It hasn't all gone to plan, as Beverley McGarvey, 10's chief content officer and executive vice president of Viacom/CBS Australia and New Zealand, can attest.

Big Brother host Sonia Kruger.
Big Brother host Sonia Kruger.

Ironically, it was an outbreak on The Masked Singer - when seven dancers tested positive - that threatened the series and momentarily shut down filming; before producers were able to wrangle back control and put the final episodes to air.

"When it happened, we were quite well set up to manage it, but you have to have a plan. You have to have left yourself enough time to have a plan B to get the episodes to air," she said.

"When you find yourself in that position, you have to keep people's wellbeing first. And if you put people's wellbeing first, everything else comes together."

Impressively, 10's schedule - heavy with reality content - showed the greatest resilience, "with MasterChef managing to shoot the entire first lockdown period because they were so buttoned up (in a bubble)," Ms McGarvey explained.

The success of the refreshed cooking contest - with all-new judges Andy Allen, Melissa Leong and Jock Zonfrillo - reflected the audience's appetite for feel good content, at a time of real uncertainty.

"I think (reality) is really engaging because it's not really like the lives that we're living at home. It's either aspirational or inspirational or funny."

Jock Zonfrillo and Andy Allen during the new season of 10's Junior MasterChef Australia. Picture: Supplied
Jock Zonfrillo and Andy Allen during the new season of 10's Junior MasterChef Australia. Picture: Supplied

It's worth noting MasterChef launched to spectacular ratings 11 or so years ago, as the world was coming out of the global financial crisis - and produced similar records this year as Australia faced off against a global pandemic.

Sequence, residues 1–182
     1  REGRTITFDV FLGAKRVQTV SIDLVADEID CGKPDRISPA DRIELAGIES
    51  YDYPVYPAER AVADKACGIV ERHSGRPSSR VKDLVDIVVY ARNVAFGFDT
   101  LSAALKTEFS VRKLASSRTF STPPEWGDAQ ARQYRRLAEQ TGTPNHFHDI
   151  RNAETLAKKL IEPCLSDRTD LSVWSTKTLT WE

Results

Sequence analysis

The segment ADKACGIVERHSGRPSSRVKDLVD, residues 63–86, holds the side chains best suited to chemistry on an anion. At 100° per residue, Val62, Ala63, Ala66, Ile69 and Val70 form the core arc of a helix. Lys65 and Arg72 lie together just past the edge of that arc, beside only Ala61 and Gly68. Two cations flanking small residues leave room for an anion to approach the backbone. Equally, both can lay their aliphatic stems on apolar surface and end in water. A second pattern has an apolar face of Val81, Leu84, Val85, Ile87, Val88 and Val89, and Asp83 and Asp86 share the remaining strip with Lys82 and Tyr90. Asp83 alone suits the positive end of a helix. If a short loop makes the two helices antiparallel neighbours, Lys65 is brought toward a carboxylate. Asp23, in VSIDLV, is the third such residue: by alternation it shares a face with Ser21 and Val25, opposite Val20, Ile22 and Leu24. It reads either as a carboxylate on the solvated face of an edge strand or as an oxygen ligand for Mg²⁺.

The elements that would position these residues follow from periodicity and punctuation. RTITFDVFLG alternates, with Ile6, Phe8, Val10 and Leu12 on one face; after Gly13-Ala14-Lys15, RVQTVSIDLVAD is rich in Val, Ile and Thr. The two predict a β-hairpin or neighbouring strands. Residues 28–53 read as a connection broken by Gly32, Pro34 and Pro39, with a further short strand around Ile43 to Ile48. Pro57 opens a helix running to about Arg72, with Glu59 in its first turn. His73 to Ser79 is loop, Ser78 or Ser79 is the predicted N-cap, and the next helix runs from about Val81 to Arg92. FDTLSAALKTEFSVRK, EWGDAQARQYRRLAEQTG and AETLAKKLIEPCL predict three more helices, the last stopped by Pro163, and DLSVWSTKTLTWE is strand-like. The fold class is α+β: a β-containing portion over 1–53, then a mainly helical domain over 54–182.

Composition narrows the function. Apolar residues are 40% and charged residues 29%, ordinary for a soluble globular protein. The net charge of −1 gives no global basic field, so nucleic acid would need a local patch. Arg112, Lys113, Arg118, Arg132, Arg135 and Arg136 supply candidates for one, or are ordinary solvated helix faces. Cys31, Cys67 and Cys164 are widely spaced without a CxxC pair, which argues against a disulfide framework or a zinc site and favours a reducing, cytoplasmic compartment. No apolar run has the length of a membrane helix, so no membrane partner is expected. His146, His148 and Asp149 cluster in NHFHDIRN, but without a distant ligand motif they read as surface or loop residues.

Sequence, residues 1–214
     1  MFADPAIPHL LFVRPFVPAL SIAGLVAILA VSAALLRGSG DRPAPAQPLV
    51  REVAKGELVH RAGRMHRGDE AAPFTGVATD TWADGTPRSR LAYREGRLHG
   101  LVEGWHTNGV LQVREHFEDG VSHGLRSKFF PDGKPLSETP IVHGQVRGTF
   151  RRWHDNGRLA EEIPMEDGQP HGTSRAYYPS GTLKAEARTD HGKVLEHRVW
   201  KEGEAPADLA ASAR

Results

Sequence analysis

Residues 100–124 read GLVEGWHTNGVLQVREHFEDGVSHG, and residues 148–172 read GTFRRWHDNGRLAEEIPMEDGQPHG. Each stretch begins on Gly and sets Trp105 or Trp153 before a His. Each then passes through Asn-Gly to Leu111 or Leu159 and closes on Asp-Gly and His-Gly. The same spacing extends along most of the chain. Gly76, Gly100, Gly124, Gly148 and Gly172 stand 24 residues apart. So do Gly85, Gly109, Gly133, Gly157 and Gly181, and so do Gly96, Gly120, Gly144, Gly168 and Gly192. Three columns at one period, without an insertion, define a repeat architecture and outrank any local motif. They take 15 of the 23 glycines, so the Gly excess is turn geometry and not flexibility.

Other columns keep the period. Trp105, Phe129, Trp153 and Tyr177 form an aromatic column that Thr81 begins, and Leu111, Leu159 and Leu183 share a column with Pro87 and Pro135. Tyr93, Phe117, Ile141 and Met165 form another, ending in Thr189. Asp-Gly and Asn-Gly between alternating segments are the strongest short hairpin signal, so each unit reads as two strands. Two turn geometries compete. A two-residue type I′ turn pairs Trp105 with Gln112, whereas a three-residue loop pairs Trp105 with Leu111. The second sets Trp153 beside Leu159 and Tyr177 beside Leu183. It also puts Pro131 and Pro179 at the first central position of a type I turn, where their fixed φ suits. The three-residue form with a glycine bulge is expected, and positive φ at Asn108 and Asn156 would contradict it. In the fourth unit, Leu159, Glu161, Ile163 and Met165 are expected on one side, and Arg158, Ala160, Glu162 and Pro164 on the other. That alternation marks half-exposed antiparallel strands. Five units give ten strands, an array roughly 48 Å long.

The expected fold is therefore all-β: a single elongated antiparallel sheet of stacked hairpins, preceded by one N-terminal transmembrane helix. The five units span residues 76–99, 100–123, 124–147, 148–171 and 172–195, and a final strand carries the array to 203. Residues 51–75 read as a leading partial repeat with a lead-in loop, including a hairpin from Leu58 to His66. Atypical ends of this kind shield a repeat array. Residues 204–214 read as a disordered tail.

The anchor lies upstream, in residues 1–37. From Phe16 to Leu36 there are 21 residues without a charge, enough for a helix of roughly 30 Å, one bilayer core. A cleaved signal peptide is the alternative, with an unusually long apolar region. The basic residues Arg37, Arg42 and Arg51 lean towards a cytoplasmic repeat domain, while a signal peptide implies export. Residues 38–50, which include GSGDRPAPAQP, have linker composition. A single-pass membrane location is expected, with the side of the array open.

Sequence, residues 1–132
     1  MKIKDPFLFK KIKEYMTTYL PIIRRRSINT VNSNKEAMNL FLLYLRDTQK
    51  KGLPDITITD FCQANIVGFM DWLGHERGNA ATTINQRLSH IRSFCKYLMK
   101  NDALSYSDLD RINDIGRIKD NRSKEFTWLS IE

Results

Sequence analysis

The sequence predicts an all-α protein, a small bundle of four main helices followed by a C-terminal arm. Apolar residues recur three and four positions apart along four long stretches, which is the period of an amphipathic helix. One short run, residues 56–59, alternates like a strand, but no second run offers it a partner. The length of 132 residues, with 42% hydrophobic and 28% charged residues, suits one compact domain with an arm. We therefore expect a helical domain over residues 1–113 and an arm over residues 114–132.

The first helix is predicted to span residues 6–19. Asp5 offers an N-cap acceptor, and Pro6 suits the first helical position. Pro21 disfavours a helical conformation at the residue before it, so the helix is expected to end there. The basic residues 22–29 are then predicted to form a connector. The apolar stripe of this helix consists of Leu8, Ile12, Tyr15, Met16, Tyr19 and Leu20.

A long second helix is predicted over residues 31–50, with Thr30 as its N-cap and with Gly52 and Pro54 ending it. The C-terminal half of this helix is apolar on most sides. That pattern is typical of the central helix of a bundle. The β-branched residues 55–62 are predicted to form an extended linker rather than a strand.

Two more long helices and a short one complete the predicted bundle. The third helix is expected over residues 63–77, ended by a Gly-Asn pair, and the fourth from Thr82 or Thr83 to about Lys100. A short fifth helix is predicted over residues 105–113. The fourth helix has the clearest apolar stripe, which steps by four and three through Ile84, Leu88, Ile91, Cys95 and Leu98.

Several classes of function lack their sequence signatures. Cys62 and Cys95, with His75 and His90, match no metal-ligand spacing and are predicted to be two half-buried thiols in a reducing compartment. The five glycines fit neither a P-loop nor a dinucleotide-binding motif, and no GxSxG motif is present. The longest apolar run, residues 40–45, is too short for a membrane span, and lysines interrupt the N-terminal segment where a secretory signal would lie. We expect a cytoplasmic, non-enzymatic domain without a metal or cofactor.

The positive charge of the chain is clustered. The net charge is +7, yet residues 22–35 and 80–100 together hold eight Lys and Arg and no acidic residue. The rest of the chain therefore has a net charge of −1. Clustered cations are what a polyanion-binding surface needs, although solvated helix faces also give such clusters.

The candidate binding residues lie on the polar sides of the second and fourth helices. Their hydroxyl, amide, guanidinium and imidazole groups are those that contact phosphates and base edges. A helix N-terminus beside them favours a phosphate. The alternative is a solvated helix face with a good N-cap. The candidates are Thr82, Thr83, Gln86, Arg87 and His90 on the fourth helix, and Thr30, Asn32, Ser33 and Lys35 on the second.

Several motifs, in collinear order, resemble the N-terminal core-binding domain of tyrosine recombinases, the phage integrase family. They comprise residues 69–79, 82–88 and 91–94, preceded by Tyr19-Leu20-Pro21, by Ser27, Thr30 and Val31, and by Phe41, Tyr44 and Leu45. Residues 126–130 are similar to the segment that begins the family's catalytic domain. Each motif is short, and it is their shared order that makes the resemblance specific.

In the US, the bumbling response to the virus also saw the TV industry stumble its way through its obsession with producing reality content.

'Remote' recordings became the buzzword, and audiences got used to seeing hosts and contestants 'call in' from their basements or living rooms (carefully edited bookcases a must).

Like the new "intimacy" officers forced on drama productions in the wake of the #metoo movement, COVID safety officers now appear across all scripted and non-scripted sets.

Costs, as a consequence, have spiked, with most reality productions having to budget for extended hotel quarantine stays for their talent; or like Brit billionaire Lord Alan Sugar's arrival ahead of filming for Nine's new series of The Celebrity Apprentice Australia, first-class tickets on the very limited flights from London to Sydney.

Sophie Monk and others in the Love Island finale. Picture: Supplied/Channel 9
Sophie Monk and others in the Love Island finale. Picture: Supplied/Channel 9

Its other reality title, Love Island, previously depended on a purpose built villa in Spain for production, but will now have to wear the cost to move the series, hosted by Sophie Monk, back to Australia.

It could make that money back if international networks look to "parachute" their productions here, given Australia's seemingly strong hold on the virus when compared to other territories.

Discovery Channel has already begun work here on some of its popular Shark Week content for next year - with Chris Hemsworth partnering with Valerie Taylor last month and diving with a film crew just south of his Byron Bay home.

For the new season of Gordon Ramsay: Uncharted, the National Geographic Network sent the chef and a small crew to Iceland, Croatia, Portugal, and Finland; with the chef said to be "super excited" to get out of the UK's onerous lockdown and back out to work in the world again.

 

Originally published as Australian reality TV undergoes overhaul